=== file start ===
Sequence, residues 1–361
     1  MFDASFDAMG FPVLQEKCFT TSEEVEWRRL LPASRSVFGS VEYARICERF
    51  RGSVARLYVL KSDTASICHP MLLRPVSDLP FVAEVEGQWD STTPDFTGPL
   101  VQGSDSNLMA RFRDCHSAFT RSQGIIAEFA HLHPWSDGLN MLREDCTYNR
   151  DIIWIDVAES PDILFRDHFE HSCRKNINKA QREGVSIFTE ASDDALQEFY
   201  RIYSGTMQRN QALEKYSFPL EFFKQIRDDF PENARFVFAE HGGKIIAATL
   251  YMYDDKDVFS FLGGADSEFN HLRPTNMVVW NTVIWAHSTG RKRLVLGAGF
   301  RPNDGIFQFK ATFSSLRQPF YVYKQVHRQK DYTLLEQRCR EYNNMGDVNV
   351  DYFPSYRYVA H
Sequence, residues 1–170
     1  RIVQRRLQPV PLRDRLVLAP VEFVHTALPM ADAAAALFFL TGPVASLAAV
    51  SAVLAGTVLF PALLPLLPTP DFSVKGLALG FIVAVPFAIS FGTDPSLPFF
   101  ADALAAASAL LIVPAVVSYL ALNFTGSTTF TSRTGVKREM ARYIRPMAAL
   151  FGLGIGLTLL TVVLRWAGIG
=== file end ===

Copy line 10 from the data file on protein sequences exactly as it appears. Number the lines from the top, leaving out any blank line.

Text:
Sequence, residues 1–170